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Old 07-16-2014, 10:29 AM   #51
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Re: Irimi Nage

And then we have

http://vimeo.com/100639239

Peter Rehse Shodokan Aikido
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Old 07-16-2014, 10:32 AM   #52
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Re: Irimi Nage

Quote:
Adam Huss wrote: View Post
Cup the neck...keep it snug to your chest or even shoulder - wherever uke ends up depending on size and momentum, so long as they are tightly attached to nage.
she took the collar from quite a distance from the initial irimi yeah? The result is a very unbalanced uke. Talk about crooked spine! From there, no need to tenkan, just raise the hand and cut forward and BAM! check mat!

I gotta say, she got her own style. Just like Tissier shihan. Now, I wonder whether we have her doing this in fast motion (not instructional). Because I kinda think it's hard to catch the neck/head in that initial distance. You need a long hand to catch that and snug 'em to the shoulder.
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Old 07-16-2014, 10:48 AM   #53
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Re: Irimi Nage

Quote:
Konstantinus Darwin wrote: View Post
she took the collar from quite a distance from the initial irimi yeah? The result is a very unbalanced uke. Talk about crooked spine! From there, no need to tenkan, just raise the hand and cut forward and BAM! check mat!

I gotta say, she got her own style. Just like Tissier shihan. Now, I wonder whether we have her doing this in fast motion (not instructional). Because I kinda think it's hard to catch the neck/head in that initial distance. You need a long hand to catch that and snug 'em to the shoulder.
I'm not familiar with Hendricks Sensei's methodology, but I think I can also see one point where she rests her hand on the junction between the neck and shoulder before grabbing (Aikido Journal video @2:03?); it looked like it could easily go into how I've been taught to control the upper spine, by gathering/controlling a chunk of the sternocleidomastoid in the neck, and drawing it to the body (more of a cut or a fishhook than a grab).

Last edited by mathewjgano : 07-16-2014 at 10:54 AM.

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Old 07-16-2014, 11:09 AM   #54
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Re: Irimi Nage

Quote:
Konstantinus Darwin wrote: View Post
I gotta say, she got her own style.
Hendricks Sensei is doing textbook Iwama style.

http://youtu.be/b3JtD6KRMZ0?t=5m51s

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Old 07-16-2014, 01:08 PM   #55
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Re: Irimi Nage

Quote:
Konstantinus Darwin wrote: View Post
she took the collar from quite a distance from the initial irimi yeah? The result is a very unbalanced uke. Talk about crooked spine! From there, no need to tenkan, just raise the hand and cut forward and BAM! check mat!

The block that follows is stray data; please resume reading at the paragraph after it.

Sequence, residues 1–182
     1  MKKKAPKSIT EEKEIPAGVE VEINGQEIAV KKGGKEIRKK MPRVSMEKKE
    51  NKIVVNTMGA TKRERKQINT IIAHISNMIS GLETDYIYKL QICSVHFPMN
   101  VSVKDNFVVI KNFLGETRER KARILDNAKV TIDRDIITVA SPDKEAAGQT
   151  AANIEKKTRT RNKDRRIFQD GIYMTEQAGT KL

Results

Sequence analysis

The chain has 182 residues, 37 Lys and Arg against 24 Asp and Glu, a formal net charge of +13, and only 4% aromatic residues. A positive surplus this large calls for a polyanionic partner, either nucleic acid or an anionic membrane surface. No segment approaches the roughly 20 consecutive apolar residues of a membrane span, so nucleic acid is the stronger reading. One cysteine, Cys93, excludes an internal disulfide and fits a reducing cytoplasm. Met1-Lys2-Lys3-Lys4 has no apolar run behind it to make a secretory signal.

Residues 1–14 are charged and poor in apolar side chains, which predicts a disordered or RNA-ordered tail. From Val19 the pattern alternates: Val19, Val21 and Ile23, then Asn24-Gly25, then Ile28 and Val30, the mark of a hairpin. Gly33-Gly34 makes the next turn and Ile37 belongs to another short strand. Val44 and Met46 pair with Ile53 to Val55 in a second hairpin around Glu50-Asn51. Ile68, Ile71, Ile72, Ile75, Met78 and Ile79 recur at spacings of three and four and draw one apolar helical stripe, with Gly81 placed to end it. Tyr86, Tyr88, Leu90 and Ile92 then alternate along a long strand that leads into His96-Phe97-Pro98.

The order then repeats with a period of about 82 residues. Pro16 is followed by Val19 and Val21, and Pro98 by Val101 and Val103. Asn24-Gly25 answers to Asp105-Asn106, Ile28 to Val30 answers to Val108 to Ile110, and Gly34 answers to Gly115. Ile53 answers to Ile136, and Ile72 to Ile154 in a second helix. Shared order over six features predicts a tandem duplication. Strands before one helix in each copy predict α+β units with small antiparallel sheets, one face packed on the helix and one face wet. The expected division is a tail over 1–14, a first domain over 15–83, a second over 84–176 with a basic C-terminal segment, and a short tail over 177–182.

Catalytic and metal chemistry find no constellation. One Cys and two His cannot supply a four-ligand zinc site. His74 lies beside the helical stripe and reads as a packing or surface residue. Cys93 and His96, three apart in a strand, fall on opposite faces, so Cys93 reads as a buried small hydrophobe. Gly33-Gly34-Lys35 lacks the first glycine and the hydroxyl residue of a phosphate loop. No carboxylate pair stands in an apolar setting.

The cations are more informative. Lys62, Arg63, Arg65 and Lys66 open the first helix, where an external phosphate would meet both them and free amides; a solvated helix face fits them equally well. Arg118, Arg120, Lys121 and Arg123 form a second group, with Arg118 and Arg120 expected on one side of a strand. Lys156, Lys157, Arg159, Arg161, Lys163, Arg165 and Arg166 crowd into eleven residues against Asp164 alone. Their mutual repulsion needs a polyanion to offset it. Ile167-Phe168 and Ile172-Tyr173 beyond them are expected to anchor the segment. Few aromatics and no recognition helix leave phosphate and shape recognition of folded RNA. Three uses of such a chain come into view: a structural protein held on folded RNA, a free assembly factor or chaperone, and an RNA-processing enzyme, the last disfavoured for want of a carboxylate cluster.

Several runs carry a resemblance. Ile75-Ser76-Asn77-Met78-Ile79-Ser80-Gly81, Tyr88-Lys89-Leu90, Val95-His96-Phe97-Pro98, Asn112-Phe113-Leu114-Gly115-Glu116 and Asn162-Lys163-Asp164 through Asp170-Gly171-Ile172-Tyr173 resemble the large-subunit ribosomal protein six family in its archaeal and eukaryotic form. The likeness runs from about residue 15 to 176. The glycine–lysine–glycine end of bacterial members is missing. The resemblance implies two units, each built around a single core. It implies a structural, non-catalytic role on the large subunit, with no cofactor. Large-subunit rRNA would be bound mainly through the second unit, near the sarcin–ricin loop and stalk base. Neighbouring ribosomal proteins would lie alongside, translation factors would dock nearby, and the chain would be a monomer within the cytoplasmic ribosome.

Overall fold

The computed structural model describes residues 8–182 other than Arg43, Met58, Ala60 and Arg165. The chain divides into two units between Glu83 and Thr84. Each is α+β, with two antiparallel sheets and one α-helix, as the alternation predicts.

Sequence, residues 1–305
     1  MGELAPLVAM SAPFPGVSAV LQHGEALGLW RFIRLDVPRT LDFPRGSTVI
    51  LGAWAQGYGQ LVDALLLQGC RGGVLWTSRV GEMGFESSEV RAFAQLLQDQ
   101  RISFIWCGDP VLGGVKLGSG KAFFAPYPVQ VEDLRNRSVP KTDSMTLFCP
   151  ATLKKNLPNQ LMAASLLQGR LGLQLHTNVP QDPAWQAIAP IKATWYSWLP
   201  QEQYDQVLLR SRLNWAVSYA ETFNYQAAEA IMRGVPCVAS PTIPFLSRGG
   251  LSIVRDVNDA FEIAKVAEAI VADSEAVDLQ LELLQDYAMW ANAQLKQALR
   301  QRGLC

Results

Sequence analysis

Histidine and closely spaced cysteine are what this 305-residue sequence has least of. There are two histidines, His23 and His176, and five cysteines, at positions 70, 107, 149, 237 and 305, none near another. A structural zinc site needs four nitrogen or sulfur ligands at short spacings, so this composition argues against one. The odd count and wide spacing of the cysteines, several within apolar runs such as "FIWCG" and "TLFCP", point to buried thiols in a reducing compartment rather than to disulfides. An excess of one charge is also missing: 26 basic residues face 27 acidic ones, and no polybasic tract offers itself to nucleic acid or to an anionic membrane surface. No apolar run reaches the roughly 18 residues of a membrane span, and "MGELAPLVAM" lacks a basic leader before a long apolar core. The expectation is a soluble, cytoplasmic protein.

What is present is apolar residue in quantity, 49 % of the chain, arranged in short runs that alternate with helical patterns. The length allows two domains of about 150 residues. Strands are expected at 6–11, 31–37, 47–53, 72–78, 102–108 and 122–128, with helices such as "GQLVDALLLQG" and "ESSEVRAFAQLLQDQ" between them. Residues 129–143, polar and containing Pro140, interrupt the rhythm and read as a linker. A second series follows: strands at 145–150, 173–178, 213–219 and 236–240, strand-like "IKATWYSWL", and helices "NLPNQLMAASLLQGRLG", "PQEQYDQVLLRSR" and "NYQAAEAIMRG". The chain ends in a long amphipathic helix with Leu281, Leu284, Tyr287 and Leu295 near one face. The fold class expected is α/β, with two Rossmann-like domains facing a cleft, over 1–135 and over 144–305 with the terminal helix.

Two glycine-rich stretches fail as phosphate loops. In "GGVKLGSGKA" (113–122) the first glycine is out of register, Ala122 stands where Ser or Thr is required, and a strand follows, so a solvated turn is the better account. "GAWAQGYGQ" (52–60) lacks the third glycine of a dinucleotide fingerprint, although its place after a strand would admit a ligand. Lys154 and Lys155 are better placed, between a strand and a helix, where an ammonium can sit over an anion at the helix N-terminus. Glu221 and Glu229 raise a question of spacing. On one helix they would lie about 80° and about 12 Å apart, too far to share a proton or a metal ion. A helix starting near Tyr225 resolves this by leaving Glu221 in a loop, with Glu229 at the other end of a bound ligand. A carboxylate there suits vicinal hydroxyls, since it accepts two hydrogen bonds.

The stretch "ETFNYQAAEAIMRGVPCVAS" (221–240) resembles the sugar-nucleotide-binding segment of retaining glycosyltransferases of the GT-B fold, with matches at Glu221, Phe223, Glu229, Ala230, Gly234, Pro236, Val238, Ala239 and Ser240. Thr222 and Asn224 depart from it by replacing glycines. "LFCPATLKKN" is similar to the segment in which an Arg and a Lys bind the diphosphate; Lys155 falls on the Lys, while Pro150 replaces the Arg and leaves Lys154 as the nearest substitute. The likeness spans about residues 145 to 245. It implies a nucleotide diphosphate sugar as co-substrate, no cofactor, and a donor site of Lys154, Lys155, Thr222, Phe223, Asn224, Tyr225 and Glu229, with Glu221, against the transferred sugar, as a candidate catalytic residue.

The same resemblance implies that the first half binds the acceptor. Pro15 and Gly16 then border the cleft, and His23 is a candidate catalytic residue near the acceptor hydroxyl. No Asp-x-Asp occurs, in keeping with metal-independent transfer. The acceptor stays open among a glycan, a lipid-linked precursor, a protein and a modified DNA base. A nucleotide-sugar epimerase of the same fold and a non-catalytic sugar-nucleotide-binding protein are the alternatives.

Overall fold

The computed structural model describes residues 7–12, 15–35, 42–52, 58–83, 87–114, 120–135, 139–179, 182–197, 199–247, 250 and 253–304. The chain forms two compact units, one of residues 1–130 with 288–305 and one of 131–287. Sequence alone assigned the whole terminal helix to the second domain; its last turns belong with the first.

I gotta say, she got her own style. Just like Tissier shihan. Now, I wonder whether we have her doing this in fast motion (not instructional). Because I kinda think it's hard to catch the neck/head in that initial distance. You need a long hand to catch that and snug 'em to the shoulder.
I'm not sure if I catch your exact meaning, but I think I do. I would invite you to experiment with moving your whole body in close to Uke. This will give you that range and take you out of the effective range of Uke's attack.

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Old 07-16-2014, 01:57 PM   #56
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Re: Irimi Nage

Sorry, I posted the wrong quote. I meant to respond to the idea of what Hendricks Sensei might do if there was no collar.
Quote:
...but, if the opponent is shirtless (no collar) where would she grab?

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Old 07-16-2014, 06:01 PM   #57
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Re: Irimi Nage

Quote:
Adam Huss wrote: View Post
Can you explain a little what you want to display with this link? I apologize if you did in another post, but I couldn't find it if there is one.

thanks!
Adam, my student in the clip is demonstrating the Merritt Stevens SD system, and there's a practically-applied iriminage in it a technique #5 with the spine-locking finish witht he crumple throw there. I was talking about the difference in "nice" kata technique where one throws a compliant uke "to the horizon" allowing for clean, easy ukemi, and what is more likely to happen with a non-compliant dude trying to do bad things. And... I was quite tired from work when I was posting it and it seemed perfectly appropriate to the thread at the time.

I find it interesting that the kanji character for kuzushi illustrates a mountain falling on a house.
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Old 07-16-2014, 09:52 PM   #58
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Re: Irimi Nage

Ok thanks for the explanation. Makes sense.

Last time I ran aikido class we worked on techniques from sparring. Interestingly it seemed I tended to find myself doing iriminage variations.